We used the hallway with portraits to highlight some female boxing icons. Leila Ali is a boxing champion and the daughter of Mohammed Ali whose quote graces the title page. Clarissa Shields is a boxing champion who dyes her hair blue to highlight her hometown of Flint, Michigan, and their ongoing lack of clean water. Finally, Katie Tayor is a great boxing champion that I have had the pleasure of meeting as she will spar at my boxing gym, Nonantum Boxing Club. Not only is Katie a boxing champion and Hall of Famer, but she is also a humble, kind, and lovely person. 


Thank you for sharing these special treasures tucked in the story. Are there any projects you are working on now that you can share a tidbit with us?


Fortune Cookies for Everyone, illustrated by Colleen Kong-Savage will come out in the Fall of 2025 through Red Comet Press. I have six picture books coming out with them over the next few years. Fortune Cookies for Everyone tells the story of who invented the fortune cookie.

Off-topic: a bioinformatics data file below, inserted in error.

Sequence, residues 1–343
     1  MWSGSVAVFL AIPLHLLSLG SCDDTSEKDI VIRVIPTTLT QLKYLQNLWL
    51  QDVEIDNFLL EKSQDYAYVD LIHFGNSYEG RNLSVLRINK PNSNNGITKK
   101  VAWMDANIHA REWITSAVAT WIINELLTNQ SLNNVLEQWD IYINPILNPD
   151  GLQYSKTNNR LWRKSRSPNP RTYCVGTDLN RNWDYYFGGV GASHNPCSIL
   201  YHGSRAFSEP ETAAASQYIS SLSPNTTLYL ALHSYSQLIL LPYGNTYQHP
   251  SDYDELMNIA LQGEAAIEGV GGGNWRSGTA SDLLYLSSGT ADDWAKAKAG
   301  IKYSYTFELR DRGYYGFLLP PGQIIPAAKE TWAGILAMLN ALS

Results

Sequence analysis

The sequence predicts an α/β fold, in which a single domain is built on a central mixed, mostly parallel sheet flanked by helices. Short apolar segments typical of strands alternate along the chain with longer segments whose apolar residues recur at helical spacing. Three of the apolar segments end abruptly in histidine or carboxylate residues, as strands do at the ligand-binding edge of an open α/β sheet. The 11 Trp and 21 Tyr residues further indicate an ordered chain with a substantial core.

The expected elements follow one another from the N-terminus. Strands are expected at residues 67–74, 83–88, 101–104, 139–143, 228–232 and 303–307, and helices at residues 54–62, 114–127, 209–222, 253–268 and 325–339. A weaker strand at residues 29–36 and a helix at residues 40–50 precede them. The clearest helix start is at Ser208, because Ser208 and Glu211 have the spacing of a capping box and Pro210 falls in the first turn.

Colleen Kong-Savage talks about it here: https://www.youtube.com/watch?v=61j-w8rmIAU


That was such a fun video, thanks! What is your favorite National Park or Forest, regional park, or city park (anywhere in the world)? Or the one you’re longing to visit. Why?

Photo of Grand Canyon © Maria Marshall

I would love to take my family to Yosemite and the Grand Canyon. I visited Yosemite a long time ago before I was married and think that it’s such a beautiful place. My husband is not a big camping kind of guy so it’s perfect that there is a lovely hotel there. 


No one in our family has been to the Grand Canyon there and we talk about a road trip a lot but haven’t managed to get there yet.


I hope you do get there it is amazing, awe inspiring, and humbling. Thank you, Mia for sharing about yourself and your new picture book with us.